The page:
Turkish dailies mostly covered in their Thursday issues two missing Turkish pilots whose bodies were found in the seabed in the Eastern Mediterranean after their plane was downed by Syria on June 22, a flash flood in northern Turkey, Turkish government's new regulations over c-section, and a hostage incident in Germany which killed five people including a Turkish national.
"Not a disaster, it's a murder" headlined daily Cumhuriyet saying nine people lost their lives including six children in a flash flood caused by torrential rains in the Black Sea port city of Samsun.
Hurriyet daily headlined "Sad news from 1,260 metres" regarding the two Turkish pilots of a Turkish military jet which was shot down by Syria on June 22. Pilots were found on Wednesday in Eastern Mediterranean after 12 days of search and rescue efforts.
Another topic that was published in dailies was a set of new regulations over c-section. The new code allows c-section only if it is medically necessary and doctors who perform the operation cannot be held responsible for any complications after procedure. Doctors who violate the new regulation will be fined with up to 1,000 Turkish liras.
Yeni Safak headlined "Military academy amnesty" and according to a new regulation, students who left the academy in their own wish or were expelled from the academy after 1997 will not pay any compensation fees.
Turkish dailies also wrote about the killing of five people in a hostage standoff in Karlsruhe, Germany, including a Turkish national. The Turk, who was reported to be locksmith, who were taken hostage along with four other people by a gunman resisting eviction from his apartment. The gunman killed four hostages and before shooting himself to death.
German State of Bremen grants Alevism legal religious rights, the same status as Judaism and Christianity, separately from Islam
Thirty Egyptian soldiers were killed in a bombing that targeted a military checkpoint in northern Sinai Peninsula on Friday.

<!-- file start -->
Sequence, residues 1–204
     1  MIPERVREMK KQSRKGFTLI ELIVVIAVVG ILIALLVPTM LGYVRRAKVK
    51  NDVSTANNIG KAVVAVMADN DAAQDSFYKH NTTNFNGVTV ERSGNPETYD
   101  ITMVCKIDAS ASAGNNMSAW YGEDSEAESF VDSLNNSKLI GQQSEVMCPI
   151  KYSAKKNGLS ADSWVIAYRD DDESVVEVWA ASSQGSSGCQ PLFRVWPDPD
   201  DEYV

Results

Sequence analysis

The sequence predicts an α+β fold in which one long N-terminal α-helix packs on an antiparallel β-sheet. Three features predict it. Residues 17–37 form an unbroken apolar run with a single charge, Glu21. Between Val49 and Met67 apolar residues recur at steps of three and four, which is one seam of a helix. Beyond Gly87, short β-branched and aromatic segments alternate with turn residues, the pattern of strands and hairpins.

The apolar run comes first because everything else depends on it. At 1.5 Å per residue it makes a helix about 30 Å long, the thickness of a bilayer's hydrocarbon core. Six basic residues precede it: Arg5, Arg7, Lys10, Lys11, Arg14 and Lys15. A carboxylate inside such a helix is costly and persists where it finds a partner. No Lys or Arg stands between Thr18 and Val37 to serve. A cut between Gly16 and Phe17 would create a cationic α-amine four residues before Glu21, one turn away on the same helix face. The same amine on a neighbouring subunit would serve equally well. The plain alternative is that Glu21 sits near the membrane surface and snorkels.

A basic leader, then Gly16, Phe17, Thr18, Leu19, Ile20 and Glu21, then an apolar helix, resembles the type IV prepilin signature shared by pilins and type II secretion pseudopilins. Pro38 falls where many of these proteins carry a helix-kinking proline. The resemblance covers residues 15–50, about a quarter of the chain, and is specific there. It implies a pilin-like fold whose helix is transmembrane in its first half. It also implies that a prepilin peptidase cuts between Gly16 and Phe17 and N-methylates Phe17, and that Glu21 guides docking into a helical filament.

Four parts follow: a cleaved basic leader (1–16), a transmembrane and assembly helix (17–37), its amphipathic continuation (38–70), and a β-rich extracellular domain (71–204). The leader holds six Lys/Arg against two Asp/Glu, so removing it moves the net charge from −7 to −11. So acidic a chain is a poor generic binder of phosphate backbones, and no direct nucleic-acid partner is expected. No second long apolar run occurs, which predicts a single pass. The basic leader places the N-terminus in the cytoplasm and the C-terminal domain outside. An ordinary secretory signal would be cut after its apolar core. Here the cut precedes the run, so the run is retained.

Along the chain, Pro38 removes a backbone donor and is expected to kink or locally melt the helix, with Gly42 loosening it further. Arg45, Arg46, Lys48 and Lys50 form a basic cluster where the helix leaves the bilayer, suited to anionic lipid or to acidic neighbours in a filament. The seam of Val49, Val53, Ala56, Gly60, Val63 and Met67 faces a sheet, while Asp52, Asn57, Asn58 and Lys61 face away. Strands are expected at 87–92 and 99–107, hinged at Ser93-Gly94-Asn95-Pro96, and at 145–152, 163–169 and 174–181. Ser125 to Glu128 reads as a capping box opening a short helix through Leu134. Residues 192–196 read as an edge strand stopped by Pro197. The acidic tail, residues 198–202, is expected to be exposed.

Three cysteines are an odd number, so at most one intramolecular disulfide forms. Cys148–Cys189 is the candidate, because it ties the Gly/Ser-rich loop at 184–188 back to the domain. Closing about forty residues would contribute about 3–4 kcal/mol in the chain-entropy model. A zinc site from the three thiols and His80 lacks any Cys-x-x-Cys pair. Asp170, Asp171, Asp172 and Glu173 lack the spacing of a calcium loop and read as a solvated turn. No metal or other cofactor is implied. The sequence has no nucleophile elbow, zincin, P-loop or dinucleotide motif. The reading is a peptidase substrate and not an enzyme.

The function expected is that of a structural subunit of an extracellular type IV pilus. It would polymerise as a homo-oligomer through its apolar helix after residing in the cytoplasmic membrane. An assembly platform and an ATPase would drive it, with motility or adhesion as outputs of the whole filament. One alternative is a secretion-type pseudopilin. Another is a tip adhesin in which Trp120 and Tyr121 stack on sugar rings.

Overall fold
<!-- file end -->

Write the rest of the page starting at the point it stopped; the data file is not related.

At least three soldiers were killed in an attack on Saturday in Turkey’s southeastern province of Hakkari
Foreign Minister Mevlut Cavusoglu says Syrian opposition fighters and Iraqi Kurds are legitimate forces fighting against ISIL.
Saturday Mothers, whose first sit-in to protest the disappearance of their loved ones, bring justice to governmental officials responsible for disappearanceson 27 May 1995, reaches up week 500
Letters containing yellow substance were delivered to Istanbul consulates on Friday; 25 held for medical observation
Death toll of traffic accident in Turkey’s western province of Afyon rises to eight.
The Turkish Ministry of Culture and Tourism is continuing its policy of preventing the entry of Syrian cultural heritage into Turkey
Turkish actors, singers and artists are using their profile and fame to listen to the country's Kurdish community as Turkey tries to heal the wounds from recent street protests.
The European Union is in discussions to grant €70 million to Turkey to help it cope with the massive influx of Syrian refugees on its territory
Pope Francis has said he wanted to overcome the obstacles between the Catholic and Orthodox churches during his upcoming Turkey visit in November
Packets of an unidentified yellow powder were sent to five western consulates in Istanbul, officials sai
Turkish Foreign Ministry's spokesperson Tanju Bilgic says Greek foreign minister's "logic" is wrong and undermining the Cyprus peace talks.
Although warfare is forbidden during the Islamic New Year, the major conflicts raging across Turkey's neighborhood.
The authorities said six guns (two pistols, two rifles and two guns for firing blanks) were seized in morning operations on several addresses.